The Coimbatore Literary Fest created a buzz over poetry, prose and drama.
It was two days of literature, with animated conversations about poetry, novels, short stories, biography, wildlife writing, editing and publishing. It was perhaps for the first time such an event was held in the city. The Coimbatore Literary Festival (CLF) was organised by Sahitya, a students’ initiative of Kumaraguru College of Technology. Kasthuri Sreenivasan Auditorium where the event was held buzzed with energy as writers, readers, book buyers and book sellers interacted and filled the air with literature.
The guest of honour was Professor Ananda Lal who had come all the way from Kolkata, where he heads the prestigious publishing house, Writers Workshop, set up by his father Professor P. Lal in 1958. A literature scholar himself, Professor Lal pointed out the dangers of always assuming that bestsellers were good literature. He spoke insightfully about the business of modern-day Indian writing and publishing. He also noted, to applause, that it was perhaps for the first time that he was addressing a gathering that had in it four writers that Writers Workshop had published or was about to. They were Srividya Sivakumar (The Blue Note) Shobhana Kumar (The Voices Never Stop), and the yet-to-be-published Shivaram Hariharan (Rumble) and Air Commodore Minoo Vania (A Vista Ahead).
The CLF audience had the rare privilege of hearing a mother and daughter read out from their works. Vatsala is a Tamil poet and novelist while her daughter K. Srilata is an acclaimed poet, fiction writer and a translator whose debut novel Table For Four was shortlisted for the Man Asian Literary Prize. Srilata and Vatsala co-translated the latter’s Tamil work Vattathul, into the English Once There Was A Girl. When writer-publisher Shobha Viswanath (of Karadi Tales) spoke of children’s literature in India, she had the audience all ears, especially since she also told them a story! People also listened in rapt attention when biographer Vikram Sampath told how he wrote the story of the musician Gauhar Jaan. His talk was packed with anecdotes and amazing statistics that Vikram had unearthed from archives in India and abroad.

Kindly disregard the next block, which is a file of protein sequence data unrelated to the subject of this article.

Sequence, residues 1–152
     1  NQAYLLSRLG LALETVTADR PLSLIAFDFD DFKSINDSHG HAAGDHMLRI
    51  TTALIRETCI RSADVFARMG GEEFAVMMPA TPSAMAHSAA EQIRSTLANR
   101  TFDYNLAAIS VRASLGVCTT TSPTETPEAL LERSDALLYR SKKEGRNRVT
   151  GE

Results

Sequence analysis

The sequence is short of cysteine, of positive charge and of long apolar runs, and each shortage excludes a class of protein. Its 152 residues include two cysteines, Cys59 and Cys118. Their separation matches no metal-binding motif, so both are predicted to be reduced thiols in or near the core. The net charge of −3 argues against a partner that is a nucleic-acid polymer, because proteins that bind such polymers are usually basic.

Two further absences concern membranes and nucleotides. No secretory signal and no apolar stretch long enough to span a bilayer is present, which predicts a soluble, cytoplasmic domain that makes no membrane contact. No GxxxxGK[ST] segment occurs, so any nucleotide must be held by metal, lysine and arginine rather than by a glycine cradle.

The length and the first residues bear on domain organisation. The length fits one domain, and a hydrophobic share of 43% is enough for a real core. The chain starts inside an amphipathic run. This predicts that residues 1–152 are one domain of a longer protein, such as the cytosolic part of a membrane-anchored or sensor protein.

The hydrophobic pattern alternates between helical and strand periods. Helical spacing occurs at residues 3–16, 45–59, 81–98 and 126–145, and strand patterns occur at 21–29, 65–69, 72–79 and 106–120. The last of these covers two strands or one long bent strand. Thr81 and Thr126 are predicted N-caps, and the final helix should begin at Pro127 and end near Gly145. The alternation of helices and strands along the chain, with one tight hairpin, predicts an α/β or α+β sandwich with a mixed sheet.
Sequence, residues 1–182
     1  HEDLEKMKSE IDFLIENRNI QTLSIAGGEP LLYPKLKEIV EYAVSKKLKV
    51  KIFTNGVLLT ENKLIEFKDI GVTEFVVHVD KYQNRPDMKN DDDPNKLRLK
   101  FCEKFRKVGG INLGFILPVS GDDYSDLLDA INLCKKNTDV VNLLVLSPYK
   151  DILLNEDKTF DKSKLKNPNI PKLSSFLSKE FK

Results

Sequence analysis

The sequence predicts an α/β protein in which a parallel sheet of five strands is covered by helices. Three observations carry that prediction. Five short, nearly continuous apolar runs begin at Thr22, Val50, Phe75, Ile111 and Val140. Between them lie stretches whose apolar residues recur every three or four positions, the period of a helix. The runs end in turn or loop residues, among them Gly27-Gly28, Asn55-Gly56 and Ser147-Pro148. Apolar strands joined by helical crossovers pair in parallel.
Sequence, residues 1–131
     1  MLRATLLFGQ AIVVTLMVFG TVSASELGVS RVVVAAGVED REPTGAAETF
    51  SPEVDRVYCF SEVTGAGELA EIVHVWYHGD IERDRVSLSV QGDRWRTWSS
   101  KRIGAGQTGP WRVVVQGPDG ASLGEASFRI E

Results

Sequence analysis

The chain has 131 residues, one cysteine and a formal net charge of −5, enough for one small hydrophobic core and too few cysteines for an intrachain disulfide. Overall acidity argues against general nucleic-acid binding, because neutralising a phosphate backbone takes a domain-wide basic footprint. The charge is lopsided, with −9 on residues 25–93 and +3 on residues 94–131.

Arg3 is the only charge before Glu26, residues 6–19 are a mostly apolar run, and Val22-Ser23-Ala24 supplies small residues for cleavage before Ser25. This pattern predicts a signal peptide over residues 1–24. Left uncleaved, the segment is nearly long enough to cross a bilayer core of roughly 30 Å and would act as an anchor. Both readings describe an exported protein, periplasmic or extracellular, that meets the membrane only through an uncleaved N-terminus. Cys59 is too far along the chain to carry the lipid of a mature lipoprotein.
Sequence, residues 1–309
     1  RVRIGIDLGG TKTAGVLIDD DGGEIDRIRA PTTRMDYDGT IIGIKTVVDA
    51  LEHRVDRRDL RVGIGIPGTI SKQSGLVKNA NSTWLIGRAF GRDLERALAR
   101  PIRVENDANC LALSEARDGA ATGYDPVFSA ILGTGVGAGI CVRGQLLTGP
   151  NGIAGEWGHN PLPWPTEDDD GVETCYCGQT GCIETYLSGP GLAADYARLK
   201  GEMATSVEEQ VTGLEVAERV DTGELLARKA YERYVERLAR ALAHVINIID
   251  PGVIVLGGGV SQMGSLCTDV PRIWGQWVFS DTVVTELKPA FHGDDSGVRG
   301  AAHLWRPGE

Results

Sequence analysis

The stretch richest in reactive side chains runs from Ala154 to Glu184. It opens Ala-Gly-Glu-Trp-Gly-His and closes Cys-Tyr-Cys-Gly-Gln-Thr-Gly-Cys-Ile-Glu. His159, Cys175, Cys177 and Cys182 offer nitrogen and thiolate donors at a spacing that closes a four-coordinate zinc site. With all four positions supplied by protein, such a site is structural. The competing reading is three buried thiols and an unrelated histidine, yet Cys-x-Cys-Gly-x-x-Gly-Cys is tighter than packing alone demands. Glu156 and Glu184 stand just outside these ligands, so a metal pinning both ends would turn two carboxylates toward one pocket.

Christine Appadurai, in her 90s, read from her-yet unpublished manuscript about her early life in Burma and the journey back to India. Air Cmde (Retd) Minoo Vania spoke about the history of the Coimbatore Book Club. Shashi Ghulati and Bulbul Vania of The Coimbatore Theatre Club presented a play reading of Girish Karnad’s Broken Images. It was directed by Dhinoo Hataria. Pradeep Chakravarthy spoke about Tamil thatha, U.V Swaminatha Iyer.
Bus conductor and eco warrior M. Yoganathan made the stage his. His simple Tamil haikus were captivating. One went thus: “Appa, I’m sending you to an old age home, so that I can book my place there.” Another spoke of a naked village girl guarding a pile of cotton, to be made into garments for somebody else, far away. Yoganathan spoke with feeling about the environment. “If we destroy the environment at this rate, humans will soon perish and Nature will remain a mute spectator,” he concluded.
The lit fest had beautiful asides, such as Theatre Y’s reading of letters exchanged between Rajaji and Gandhi and a piano recital by Anil Srinivasan, where he read out the love letters of Beethoven and then played the maestro’s music, besides that of Bach and Ilaiyaraaja.
There was a dance recital by Karuna Sagari to the poetry of Bharathiyar, a session by Dr. T. Sathish Kumar of Rajalakshmi Fine Arts, on women’s writing that had been immortalised through Carnatic music, and a stirring invocation by Sreerekha.
It was gratifying to see young students immersed in the literary sessions and actively interacting with the guest speakers. In fact, four of them, Saranya Ramalingam, Swathi Nachammai S., Adityan V.T. and Jiju Vijayakumar, read out their poems at the CLF.
(With inputs by Subha J Rao)